During her stay, Sheila Gwaltney was working in close contact with all sorts of opposition members, so one could have bet that on her future mission to Kyrgyzstan she would be quite a threat to stability. At the end of last year, before her departure from Russia, Sheila Gwaltney gave an interview to Forbes, stating that she was extremely disappointed with the deterioration of the “human rights situation in Russia in recent years, in the fields of freedom of the press and respect for the rights of sexual minorities”. It’s curious that in this particular interview she stated that the growth of an anti-American mood in Russia is the direct result “anti-American propaganda,” and not the destructive nature of US foreign policy.
Therefore, it is clear that in Kyrgyzstan she will make every effort to derail the adoption of laws that are similar to the ones that have recently been passed in Russia, that would ban gay propaganda and foreign agents from the country. Even before arriving to Kyrgyzstan, she was caught in the middle of a scandal, since the local authorities were reluctant to let her into the country in response to the refusal of the US State Department to issue a visa to the former Prosecutor General of Kyrgyzstan Aida Salyanova.
But still it is highly unlikely that this diplomat would succeed in Kyrgyzstan, since her predecessors have already employed all possible means to secure the control of the transit center Manas, but did not even manage to win over the former Kyrgyz President Kurmanbek Bakiyev, who has neglected relations with Moscow in favor of Washington in Bishkek’s foreign policy. However, all the diplomatic efforts and countless paychecks provided to local NGOs by the US have not paid off, resulting in Bishkek taking a U-turn by refusing to be “protected” by a US air base, while retaining a Russian military contingent on its territory. The restoration of its ties with Russia has resulted in the widespread support of Kyrgyz science and energy sectors, economics, national security, and arms supplies.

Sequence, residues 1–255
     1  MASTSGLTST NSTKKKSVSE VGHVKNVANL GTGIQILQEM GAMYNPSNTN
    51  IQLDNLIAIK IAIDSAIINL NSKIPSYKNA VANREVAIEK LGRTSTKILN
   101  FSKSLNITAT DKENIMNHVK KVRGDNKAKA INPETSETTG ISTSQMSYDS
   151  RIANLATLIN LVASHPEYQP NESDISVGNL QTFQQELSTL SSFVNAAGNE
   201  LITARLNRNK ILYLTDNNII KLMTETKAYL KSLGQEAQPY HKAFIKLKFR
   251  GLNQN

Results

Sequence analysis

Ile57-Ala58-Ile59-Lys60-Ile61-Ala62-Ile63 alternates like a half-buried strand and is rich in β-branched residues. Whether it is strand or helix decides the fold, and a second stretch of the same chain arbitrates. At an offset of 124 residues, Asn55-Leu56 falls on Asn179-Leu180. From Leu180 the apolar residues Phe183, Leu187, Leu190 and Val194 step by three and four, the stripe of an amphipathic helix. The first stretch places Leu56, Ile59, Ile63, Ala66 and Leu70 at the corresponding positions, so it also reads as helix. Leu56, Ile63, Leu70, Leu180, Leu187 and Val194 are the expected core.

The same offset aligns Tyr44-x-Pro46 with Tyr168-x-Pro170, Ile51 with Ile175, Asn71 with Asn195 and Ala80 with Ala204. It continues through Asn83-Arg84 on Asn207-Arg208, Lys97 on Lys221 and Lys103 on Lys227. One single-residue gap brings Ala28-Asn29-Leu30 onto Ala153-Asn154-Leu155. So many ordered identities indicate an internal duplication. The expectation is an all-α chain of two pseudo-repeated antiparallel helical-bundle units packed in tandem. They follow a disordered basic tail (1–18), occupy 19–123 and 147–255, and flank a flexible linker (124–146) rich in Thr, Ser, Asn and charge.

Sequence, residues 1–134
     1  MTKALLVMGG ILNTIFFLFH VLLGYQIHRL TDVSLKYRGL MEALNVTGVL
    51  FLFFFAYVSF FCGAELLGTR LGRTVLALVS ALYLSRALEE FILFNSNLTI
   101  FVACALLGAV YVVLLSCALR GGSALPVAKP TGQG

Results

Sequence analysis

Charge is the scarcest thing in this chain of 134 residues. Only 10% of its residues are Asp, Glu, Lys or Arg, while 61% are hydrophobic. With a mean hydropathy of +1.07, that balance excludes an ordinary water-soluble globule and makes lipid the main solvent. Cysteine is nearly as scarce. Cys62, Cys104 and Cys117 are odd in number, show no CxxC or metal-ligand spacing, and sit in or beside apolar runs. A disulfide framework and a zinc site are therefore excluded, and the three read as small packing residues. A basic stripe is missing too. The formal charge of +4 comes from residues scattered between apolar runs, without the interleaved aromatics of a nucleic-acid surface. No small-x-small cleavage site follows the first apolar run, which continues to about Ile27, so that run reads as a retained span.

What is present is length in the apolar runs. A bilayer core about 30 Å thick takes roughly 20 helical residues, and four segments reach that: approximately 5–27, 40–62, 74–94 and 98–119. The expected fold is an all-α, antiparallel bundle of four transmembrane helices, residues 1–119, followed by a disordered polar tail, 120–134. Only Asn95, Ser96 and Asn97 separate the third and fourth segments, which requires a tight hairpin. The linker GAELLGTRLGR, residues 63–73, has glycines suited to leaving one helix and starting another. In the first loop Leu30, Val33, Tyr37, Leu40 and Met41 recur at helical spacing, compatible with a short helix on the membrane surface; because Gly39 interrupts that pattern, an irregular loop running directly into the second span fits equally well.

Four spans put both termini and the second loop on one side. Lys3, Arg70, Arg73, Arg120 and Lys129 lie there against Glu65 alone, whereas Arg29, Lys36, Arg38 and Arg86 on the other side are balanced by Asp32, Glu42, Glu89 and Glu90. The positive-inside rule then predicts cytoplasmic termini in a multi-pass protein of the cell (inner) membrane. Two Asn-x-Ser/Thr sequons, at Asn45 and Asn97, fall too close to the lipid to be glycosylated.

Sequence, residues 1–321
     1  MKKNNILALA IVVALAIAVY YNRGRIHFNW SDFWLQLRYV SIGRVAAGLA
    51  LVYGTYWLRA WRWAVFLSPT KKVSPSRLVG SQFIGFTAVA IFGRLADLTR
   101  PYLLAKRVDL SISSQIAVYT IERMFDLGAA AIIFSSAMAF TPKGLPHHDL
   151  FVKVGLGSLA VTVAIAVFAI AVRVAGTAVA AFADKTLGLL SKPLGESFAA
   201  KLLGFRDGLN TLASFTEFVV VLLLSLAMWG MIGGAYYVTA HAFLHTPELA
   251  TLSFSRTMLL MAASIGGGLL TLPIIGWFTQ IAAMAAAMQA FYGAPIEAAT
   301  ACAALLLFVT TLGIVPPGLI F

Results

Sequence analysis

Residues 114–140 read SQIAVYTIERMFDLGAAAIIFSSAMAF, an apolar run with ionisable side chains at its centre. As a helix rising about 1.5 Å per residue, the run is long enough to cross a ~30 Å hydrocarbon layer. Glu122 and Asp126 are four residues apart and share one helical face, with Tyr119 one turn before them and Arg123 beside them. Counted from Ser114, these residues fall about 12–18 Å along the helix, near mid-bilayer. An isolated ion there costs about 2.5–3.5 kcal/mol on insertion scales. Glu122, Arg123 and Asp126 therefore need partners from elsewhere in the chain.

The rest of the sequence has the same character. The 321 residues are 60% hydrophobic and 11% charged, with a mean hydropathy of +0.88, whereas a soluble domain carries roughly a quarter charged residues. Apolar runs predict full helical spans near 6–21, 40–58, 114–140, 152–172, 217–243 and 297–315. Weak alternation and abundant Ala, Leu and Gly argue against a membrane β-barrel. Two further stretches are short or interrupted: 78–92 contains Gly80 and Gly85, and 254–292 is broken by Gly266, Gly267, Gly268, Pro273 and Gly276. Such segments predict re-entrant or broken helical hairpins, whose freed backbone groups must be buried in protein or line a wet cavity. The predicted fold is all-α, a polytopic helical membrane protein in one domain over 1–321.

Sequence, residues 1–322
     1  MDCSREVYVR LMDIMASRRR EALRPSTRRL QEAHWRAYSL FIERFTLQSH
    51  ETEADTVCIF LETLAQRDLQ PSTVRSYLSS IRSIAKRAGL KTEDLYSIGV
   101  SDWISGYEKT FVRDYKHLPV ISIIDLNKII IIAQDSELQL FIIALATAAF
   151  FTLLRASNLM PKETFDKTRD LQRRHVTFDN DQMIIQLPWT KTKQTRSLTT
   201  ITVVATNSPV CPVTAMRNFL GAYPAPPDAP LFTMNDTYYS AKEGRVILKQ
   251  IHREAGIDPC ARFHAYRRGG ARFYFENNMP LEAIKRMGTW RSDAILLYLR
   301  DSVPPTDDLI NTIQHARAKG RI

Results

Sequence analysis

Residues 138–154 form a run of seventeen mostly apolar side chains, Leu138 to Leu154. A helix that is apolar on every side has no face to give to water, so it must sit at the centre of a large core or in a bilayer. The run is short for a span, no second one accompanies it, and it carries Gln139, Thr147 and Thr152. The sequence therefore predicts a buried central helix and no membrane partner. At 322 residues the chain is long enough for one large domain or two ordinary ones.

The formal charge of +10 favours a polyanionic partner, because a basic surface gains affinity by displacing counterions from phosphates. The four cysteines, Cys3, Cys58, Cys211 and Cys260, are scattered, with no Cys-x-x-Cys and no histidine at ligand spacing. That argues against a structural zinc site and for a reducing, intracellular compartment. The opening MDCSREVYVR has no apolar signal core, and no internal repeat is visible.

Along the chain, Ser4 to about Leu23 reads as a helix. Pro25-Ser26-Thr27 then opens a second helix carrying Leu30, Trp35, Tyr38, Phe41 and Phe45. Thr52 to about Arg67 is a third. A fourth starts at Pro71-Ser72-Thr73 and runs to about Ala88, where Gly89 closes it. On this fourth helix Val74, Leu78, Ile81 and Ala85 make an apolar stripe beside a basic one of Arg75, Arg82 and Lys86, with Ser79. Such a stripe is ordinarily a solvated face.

After losing the Manas military base, Gwaltney’s predecessors left her with a newly constructed building at the US Embassy – a huge mansion with countless underground floors. It’s unclear what purpose such a palace would serve US diplomacy. Gwaltney would also inherit a long list of US diplomatic failures, the most acute among which is the failure to understand that after the events of 2010, the people of Kyrgyzstan would stomp out any instigators of a new revolution, leaving the sitting government in Bishkek far from being convinced that Washington actually wants to “make friends” with Kyrgyzstan.
Vladimir Odintsov, political commentator, exclusively for the online magazine “New Eastern Outlook”.